Tuesday, 26 November 2013

Nicotine is good for you

At least, it's good for your brain, Rory Sutherland's doctor friend tells us, very good for ulcerative colitis, which I really don't want to get, and it helps with blood vessel growth and even with pre-eclampsia.

The link on ulcerative colitis is the one to follow, but only if you are prepared to read about the author leading "a reasonably bloody diarrhea free life these days".

For nicotine, it's the 'delivery system' that is the problem. Alcohol, on the other hand, seems to be pretty much good for nothing on its own - the delivery system is probably the only benefit to it.

Thursday, 21 November 2013

Things you might not otherwise have known or seen

(1) There's a diplodocus for sale. Apparently, it came to England "by accident".

(2) Driverless cars are basically already here, says an interesting article in the New Yorker.

(3) "a surprisingly large chunk of our male population is now in the position where there is nothing that people can think of for them to do that is useful enough to cover the costs of making sure that they actually do it correctly, and don’t break the stuff and subtract value when they are supposed to be adding to it".That's from here. I would only query "surprisingly".

(4) Maps galore. I liked (or rather, was appalled by) the one showing the highest-paid US public employees.

(5) PMQs as seen by Simon Carr. First question: "The nightmare of my disbelief at the Opposition Leader’s gay-porn male prostitute front bench million pounds for hard working mums and dads against Ed Miliband’s Welfare party on amphetamines?”" Ed Miliband: "“Children’s lives are being destroyed by the Conservative cost of living crisis,” he said. “Heartbreak soldiers pride in British children with a fair wage, without VAT tax evading fraudsters pouring money into the Conservative party because their leader is a LOSER!”"

(6) Zadie Smith has read many books, some with pictures in them, but she's still going to die.

(7) "Herodotus’ famous discussion of the genitals of Indian camels was of course omitted" from an earlier translation of his Histories. But here's a good new one.

(8) You could call this the glass ceiling but why be so negative? Why not call it positive discrimination? There are 27 women and only 4 men. I understand that in order to be fair one's recruitment techniques should be reliable, valid, objective and transparent: I find it hard to criticise these four men on any of those grounds. They certainly don't recruit in their own image either. And yet something tells me that something has gone wrong somewhere ...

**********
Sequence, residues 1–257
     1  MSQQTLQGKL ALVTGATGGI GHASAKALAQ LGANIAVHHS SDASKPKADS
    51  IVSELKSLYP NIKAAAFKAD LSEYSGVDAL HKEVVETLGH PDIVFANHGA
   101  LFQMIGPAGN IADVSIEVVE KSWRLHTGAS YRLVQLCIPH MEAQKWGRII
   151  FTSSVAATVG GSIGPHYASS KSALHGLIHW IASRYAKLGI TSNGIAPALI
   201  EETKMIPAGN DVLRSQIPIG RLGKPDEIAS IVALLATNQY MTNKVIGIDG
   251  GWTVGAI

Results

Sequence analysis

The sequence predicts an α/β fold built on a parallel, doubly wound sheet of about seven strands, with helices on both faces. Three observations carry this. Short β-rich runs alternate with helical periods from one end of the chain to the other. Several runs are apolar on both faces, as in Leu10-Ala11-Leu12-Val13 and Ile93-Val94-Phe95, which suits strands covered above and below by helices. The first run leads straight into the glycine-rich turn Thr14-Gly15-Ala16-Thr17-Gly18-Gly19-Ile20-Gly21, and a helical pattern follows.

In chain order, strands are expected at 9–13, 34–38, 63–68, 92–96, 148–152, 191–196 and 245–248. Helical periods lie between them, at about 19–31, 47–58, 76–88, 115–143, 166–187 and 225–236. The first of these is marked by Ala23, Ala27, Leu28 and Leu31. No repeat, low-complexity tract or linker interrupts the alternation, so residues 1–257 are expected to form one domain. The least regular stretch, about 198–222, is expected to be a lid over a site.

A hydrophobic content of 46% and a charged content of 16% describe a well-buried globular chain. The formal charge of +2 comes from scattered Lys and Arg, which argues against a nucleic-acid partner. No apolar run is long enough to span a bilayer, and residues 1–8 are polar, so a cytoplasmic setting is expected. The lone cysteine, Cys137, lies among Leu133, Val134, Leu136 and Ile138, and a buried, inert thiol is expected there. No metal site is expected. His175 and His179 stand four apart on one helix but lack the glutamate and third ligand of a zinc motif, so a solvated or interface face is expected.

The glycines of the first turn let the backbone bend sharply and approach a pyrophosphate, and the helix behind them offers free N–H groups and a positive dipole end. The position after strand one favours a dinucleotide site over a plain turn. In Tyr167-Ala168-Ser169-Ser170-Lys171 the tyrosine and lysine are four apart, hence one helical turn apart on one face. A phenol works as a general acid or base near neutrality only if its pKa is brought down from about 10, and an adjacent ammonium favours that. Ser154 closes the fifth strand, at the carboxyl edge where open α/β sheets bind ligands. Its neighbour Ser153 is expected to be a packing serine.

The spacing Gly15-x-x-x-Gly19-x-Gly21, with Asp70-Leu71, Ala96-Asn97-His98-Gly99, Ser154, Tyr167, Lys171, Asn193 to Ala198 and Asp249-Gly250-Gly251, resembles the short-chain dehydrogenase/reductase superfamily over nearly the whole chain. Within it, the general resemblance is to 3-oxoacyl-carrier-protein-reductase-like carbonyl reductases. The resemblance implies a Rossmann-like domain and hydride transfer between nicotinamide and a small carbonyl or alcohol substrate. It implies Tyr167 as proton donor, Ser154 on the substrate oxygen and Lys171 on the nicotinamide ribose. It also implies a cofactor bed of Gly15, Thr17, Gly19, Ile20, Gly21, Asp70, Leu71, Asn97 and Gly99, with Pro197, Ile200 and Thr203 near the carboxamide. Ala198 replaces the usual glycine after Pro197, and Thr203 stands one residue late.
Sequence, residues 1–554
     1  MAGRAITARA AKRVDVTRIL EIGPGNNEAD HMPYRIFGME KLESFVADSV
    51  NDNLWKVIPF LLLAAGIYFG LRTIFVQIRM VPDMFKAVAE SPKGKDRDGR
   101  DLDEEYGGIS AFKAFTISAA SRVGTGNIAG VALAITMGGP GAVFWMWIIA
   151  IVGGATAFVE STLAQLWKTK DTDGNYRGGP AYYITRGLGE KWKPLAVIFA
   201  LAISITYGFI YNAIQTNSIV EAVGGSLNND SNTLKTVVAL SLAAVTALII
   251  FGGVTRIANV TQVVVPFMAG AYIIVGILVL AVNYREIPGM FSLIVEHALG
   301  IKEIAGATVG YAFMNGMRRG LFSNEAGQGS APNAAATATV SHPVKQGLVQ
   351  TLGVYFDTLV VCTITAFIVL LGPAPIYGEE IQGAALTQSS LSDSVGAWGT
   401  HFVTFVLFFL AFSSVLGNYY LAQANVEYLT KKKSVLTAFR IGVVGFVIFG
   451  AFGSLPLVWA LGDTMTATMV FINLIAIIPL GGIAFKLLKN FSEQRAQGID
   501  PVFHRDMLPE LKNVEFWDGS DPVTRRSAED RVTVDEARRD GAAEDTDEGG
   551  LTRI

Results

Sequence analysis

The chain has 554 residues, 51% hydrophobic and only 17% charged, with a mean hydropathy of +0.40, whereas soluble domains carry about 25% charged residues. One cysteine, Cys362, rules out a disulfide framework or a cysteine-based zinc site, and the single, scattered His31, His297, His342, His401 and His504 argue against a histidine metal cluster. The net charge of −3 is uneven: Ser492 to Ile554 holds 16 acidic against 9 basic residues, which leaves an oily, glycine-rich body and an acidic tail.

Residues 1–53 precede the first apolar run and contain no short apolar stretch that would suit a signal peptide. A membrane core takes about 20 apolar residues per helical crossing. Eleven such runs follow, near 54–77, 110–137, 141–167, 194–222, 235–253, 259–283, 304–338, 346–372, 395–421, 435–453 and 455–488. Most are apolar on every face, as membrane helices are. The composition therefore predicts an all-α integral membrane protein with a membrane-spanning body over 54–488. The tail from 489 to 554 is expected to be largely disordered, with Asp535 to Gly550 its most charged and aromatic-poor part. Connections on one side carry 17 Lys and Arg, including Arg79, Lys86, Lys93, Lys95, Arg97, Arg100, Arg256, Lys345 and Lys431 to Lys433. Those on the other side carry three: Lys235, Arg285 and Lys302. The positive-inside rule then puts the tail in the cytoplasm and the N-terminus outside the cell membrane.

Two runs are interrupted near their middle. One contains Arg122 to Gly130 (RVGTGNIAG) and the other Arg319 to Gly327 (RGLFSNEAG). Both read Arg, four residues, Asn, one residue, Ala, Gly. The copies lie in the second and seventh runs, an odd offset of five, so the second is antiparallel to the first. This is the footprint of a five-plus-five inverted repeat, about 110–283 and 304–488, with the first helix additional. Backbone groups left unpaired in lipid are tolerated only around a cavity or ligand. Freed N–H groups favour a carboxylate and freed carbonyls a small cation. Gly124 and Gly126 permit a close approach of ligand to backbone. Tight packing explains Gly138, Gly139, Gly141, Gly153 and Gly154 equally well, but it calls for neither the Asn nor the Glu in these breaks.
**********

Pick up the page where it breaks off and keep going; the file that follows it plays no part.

(9) You remember those 4 year olds who couldn't wait for the marshmallows? They were just being rational.

(10) PR could save the Conservatives: could this the central plank of the next coalition?

(11) This man, William Weaver, translated The Name of the Rose into English. "Weaver made a fortune from the translation and was able to build an extension to his Tuscan villa from the proceeds (the "Eco chamber" he called it)."

Tuesday, 19 November 2013

Augusto Odone, RIP

The man behind Lorenzo's oil has died. His obituary in the Economist is here. The Economist's article are normally anonymous but on this occasion it says "This obituary was written by Mr Odone’s son-in-law, our International Editor".

Thursday, 14 November 2013

Wonga - still not wronger

Tim Harford writes sensibly about Wonga here. I have just one caveat on what he says, but you  have to see his points first before I get to it.

Wednesday, 13 November 2013

Lawyers' starting salaries - the best and the rest

This is US data, but I don't think it is going to be notably different from London data, if not UK data as a whole (from Marginal Revolution here).

In 1991, reported starting salaries looked like this (I think US$000s on the x-axis):

In 2010, they looked like this:
What do we get from that? For one thing, that there is a relatively large number of over-worked junior lawyers with scary billable hours targets. For another, that the market apparently pays for these people. Tyler Cowen's thesis is that a large proportion of the gains flow to a small number of people at the top end of any given industry - these graphs suggest that a large proportion of the gains are flowing to a fairly large number of people.

Tuesday, 12 November 2013